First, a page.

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Electric Scooter / PMD FAQ
A: Definitely, although the rules and regulations regarding the use of such Personal Mobility devices are subjected to changes. This document Recommendations on Rules and Code of Conduct for Cycling and the Use of Personal Mobility Devices drafted by the Active Mobility Advisory Panel on 17 March 2016 may be used as a guide.
Afterwhich, we will adjust our e-scooter offerings accordingly.
Q: Do I need to register with LTA Singapore?
A:No. Registration of e-scooters to be made mandatory from second half of 2018 Read more at https://www.channelnewsasia.com/news/singapore/e-scooters-pmd-registration-mandatory-transport-10020118
A: There are a few factors to consider. Speed, weight and millage.
Speed: Although the power output varies with each model, the top speed of all models will have to be capped at 25km/hr in compliance with Land Transport Authority's guideline on personal mobility devices.
We do offer e scooter speed lock services to ensure that your scooter will comply will LTA requirements.
Weight: Weight and form are crucial and often the determining factor when purchasing an E-scooter. Choose a weight that you are comfortable with. We recommend that you consider how the E-scooter will fit into your daily commute.
Millage: The battery capacity varies with each model, you should give this careful considerations if you are planning to cover long distances on a single charge. Some model do offer fast charging.
Q: Wow, that's a lot of factors to consider. Is there a way for me to try out the scooters before deciding?
A: Sure, you are most welcome to give our scooters a try. Kindly head down to our retail shop located at The [email protected], #01-15, 1 Irving Place, Singapore 369546.
Entrance near Loading Bay (1 min walk from Tai Seng MRT Exit A).
Alternatively, you may be interested in our Electric Scooter Rental Services.
Q: What is the warranty policy for your scooters?
A: PassionGadgets warranty period varies for different models, kindly refer to the individual products page to see the warranty offered. We do offer extended warranty plans for a nominal top up. Warranty repairs are done in house at our service center.
Please click here for our warranty terms.
Q: Is there any difference between PMD vs PAB?
A: Yes. PMD stands for Personal Mobility Devicies. Vehicles such as unicycles, hoverboards and electric scooters belong to this classification. Currenly, only regulations have been proposed to LTA and are not in force yet.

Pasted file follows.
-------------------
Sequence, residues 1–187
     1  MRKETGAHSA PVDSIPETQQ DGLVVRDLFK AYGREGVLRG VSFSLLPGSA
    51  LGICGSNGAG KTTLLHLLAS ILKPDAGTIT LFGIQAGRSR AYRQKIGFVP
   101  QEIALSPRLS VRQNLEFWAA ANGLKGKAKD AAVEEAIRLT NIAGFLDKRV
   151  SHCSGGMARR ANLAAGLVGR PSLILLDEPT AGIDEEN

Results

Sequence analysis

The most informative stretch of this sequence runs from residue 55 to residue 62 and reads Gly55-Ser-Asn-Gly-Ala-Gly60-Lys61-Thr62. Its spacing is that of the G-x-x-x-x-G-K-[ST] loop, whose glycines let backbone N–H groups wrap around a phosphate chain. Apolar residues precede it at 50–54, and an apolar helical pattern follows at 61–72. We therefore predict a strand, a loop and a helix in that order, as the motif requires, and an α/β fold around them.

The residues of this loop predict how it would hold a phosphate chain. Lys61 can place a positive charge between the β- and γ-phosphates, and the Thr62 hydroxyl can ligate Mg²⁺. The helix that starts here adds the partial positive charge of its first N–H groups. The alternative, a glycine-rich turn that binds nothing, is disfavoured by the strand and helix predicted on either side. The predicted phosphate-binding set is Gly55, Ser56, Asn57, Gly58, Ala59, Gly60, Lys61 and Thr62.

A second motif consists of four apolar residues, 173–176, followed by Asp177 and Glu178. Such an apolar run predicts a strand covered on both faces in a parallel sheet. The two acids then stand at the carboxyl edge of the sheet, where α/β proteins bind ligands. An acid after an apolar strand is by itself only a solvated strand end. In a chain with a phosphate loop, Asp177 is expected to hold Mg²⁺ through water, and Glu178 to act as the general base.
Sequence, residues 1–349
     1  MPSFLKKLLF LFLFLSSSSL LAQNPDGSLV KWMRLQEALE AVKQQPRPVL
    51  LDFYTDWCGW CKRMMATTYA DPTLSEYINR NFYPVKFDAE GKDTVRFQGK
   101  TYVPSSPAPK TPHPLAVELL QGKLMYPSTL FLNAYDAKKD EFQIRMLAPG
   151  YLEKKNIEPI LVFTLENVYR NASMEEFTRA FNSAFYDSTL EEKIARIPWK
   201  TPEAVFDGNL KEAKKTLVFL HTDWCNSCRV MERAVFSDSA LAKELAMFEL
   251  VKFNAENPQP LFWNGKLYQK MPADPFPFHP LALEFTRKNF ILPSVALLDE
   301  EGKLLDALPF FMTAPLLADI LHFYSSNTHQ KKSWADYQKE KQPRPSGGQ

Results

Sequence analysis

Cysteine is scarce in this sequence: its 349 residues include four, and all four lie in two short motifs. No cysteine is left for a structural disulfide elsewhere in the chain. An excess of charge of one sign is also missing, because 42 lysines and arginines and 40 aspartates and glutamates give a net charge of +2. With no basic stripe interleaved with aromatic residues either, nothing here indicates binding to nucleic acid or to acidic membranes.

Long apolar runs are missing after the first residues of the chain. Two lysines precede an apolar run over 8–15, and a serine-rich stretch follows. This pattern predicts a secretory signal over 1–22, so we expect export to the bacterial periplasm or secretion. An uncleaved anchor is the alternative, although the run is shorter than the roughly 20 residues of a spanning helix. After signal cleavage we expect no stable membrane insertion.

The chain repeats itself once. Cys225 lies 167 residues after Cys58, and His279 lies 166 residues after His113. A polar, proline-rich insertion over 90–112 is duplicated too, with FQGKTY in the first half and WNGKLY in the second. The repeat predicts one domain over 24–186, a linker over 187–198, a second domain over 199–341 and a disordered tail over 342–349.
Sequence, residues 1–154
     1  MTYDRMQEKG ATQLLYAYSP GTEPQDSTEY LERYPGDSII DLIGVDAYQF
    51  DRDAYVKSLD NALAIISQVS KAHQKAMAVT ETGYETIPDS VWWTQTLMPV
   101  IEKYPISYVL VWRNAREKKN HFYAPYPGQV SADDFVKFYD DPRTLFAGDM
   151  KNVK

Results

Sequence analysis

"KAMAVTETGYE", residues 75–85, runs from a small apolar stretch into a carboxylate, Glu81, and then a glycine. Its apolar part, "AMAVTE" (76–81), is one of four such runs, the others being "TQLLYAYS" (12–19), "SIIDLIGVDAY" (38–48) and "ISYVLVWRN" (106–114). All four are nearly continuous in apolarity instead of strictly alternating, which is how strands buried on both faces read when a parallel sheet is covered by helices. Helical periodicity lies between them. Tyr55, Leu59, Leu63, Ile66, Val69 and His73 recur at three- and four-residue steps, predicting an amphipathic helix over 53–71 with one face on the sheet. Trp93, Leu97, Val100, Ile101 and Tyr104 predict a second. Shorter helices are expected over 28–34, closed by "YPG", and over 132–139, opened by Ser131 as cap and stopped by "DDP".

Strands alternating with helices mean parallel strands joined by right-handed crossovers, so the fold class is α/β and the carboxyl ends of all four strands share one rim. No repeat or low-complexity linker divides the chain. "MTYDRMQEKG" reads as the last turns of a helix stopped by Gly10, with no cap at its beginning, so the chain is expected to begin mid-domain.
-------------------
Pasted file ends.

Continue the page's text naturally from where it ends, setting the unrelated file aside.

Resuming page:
On the other hand, PAB refers to Personal Assisted Bikes. This refers to electric bikes. Regulations applicable to PAB are currently in force. All PAB are required to be checked and approved by LTA.
Those that satisfy LTA regulations will be affixed with a blue seal. More details can be found here.
If a seller claims that a PAB is LTA approved, you can verify this by looking out for the blue seal affixed by LTA. Do note that for PMD, there is no seal yet as regulations applicable to PMD are not in force.
Trial to allow all-day access for folding bikes, personal mobility devices (PMD) on trains & buses starting Dec.
SINGAPORE - From Dec 1st 2016, bus & MRT commuters will be able to bring foldable bicycles & personal mobility devices (PMD) such as kick & e-scooters onto buses & MRT trains all day as part of a six-month trial as announced earlier by Minister for Transport, Mr. Khaw Boon Wan in July this year.
"This is another step taken by LTA to encourage more people to use public transport, and to adopt active mobility for the first and last mile of their daily public transport commutes," said a spokesman for the authority.
Commuters will be allowed to bring foldable bicycles and PMDS which meet the following dimensions:
Length up to 120cm
Height of 70cm
Width of 40cm
Most bikes and PMDs currently available on the market meet these standards.
These devices must be folded at all times, and switched off when brought on board MRT trains and buses. They are also not allowed on the staircases or upper decks of double-decker buses.
"This initiative integrates active mobility with our public transport system, and brings us closer to our aspiration for walking, cycling and riding public transport to be the best way to get around in Singapore," said Mr Jeremy Yap, deputy chief executive for public transport, policy and planning at LTA.
"Commuters will able to cycle or ride to nearby transport nodes, bring their foldable bicycles and personal mobility devices on board public transport, and complete their journeys on their devices."